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NAWRB: If you hadn’t entered the real estate industry, what career would you most like to have?

Helen Hanna Casey: I would have been a Broadway star or a big criminal attorney. My husband and I produce Broadway shows and have three shows on Broadway right now. We received an award for our commitment to musical theatre a couple of years ago, and during the ceremony we both said why we were producers. I talked about always getting small character parts when I thought I should have been a star, so I switched to directing—which pretty much sums up my career. My husband talked about being cast in Snow White and how he had to wear tights, but wasn’t good enough to be one of the seven dwarfs. He was only a woodsman, so he knew that wasn’t his career either, but he started doing lighting and design and that inspired him to become an architect. Both of us are very much that way: we were inspired to go down another path. But there’s no question, I was born to be on stage. 

At Howard Hanna, we just finished our 12th awards rally. We do these rallies annually to recognize everyone’s accomplishments and achievements from the previous year, but to also discuss our plans for the future and how to tackle them. It’s a company-wide event conducted in each region and my entire family attends all of the rallies. It’s a pretty grueling five or six weeks. Every year, I come up with a topic to expound on for the remainder of the year in monthly advice columns. This year, I talked about the company having a past, a present, and a future, and how our job is to see tomorrow, today. That’s what my job as a leader is: to see tomorrow happen today and to provide agents with guidance on how to accomplish their individual goals. The agents that go the extra mile, that do one more thing every day, I ensure then are recognized for their hard work and dedication. Then, I have to gather others to come with me to that future that I see.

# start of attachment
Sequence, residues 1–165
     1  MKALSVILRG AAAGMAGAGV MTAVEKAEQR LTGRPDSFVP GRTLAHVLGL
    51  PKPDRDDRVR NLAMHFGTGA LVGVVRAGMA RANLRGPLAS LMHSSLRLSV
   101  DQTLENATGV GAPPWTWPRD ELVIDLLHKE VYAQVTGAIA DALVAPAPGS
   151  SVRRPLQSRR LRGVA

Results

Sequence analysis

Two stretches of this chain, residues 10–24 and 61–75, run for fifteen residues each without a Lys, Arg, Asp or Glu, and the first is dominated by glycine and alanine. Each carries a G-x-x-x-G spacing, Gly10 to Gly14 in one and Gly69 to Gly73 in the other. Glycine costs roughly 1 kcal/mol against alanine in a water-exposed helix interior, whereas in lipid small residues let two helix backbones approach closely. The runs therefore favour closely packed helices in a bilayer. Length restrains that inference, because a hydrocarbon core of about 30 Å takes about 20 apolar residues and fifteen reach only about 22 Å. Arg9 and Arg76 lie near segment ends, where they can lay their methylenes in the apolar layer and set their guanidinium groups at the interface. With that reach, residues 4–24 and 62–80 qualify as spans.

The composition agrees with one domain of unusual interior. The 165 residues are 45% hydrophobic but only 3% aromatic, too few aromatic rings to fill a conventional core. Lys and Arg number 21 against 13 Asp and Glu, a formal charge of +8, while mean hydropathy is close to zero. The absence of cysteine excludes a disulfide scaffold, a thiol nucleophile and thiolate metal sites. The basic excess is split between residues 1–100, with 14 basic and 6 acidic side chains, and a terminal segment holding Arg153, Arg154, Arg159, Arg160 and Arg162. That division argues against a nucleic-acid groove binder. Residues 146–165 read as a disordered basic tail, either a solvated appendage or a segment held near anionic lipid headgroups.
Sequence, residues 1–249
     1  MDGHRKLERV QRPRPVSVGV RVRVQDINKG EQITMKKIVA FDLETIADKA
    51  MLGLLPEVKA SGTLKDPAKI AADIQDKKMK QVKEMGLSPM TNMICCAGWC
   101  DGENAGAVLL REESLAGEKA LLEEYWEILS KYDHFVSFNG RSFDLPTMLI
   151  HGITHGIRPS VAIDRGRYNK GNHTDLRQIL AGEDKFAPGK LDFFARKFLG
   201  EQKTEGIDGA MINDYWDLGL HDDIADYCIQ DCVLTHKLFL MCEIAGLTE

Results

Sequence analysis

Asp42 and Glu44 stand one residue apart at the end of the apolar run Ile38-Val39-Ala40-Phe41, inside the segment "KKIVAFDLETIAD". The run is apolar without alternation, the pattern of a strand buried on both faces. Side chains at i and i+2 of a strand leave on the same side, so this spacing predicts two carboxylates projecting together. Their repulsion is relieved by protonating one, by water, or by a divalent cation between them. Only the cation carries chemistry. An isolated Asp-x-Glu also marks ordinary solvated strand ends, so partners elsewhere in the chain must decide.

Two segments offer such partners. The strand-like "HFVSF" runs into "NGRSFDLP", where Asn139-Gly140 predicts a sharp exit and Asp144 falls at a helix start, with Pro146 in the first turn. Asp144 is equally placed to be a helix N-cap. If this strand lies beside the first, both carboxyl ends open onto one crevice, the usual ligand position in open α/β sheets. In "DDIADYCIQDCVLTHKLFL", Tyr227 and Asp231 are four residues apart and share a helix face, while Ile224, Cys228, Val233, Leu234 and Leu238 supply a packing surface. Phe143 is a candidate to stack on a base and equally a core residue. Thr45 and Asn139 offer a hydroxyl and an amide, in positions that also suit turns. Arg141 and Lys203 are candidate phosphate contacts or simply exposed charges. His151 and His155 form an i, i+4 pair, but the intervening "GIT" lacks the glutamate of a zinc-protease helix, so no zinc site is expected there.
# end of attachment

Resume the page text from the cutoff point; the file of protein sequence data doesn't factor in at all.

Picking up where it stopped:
We just took our executive team of 50 to 60 people on a four-day-long management review and team building trip. Our keynote speaker was a woman who is one of the top women in the automotive industry. She is the manager of an engine plant for Fiat Chrysler. She talked about how Fiat, when they took over Chrysler, was incredible at communicating their message and then carrying it out throughout the year. That is what our goal is: to take our message and get other people to believe in it. 

NAWRB: Fifty-six percent of your executive team is comprised of women. What value do women bring to boardrooms and C-suites, and why is the American workforce having such a hard time implementing gender diversity in its executive offices?